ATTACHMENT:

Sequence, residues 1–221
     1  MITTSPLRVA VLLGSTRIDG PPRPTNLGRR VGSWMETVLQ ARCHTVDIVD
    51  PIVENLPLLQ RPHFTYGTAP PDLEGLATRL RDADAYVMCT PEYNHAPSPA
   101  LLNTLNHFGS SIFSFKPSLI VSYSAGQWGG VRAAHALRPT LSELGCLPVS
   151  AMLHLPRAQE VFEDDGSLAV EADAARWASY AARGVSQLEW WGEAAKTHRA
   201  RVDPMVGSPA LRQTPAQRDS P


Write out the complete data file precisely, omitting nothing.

Sequence, residues 1–221
     1  MITTSPLRVA VLLGSTRIDG PPRPTNLGRR VGSWMETVLQ ARCHTVDIVD
    51  PIVENLPLLQ RPHFTYGTAP PDLEGLATRL RDADAYVMCT PEYNHAPSPA
   101  LLNTLNHFGS SIFSFKPSLI VSYSAGQWGG VRAAHALRPT LSELGCLPVS
   151  AMLHLPRAQE VFEDDGSLAV EADAARWASY AARGVSQLEW WGEAAKTHRA
   201  RVDPMVGSPA LRQTPAQRDS P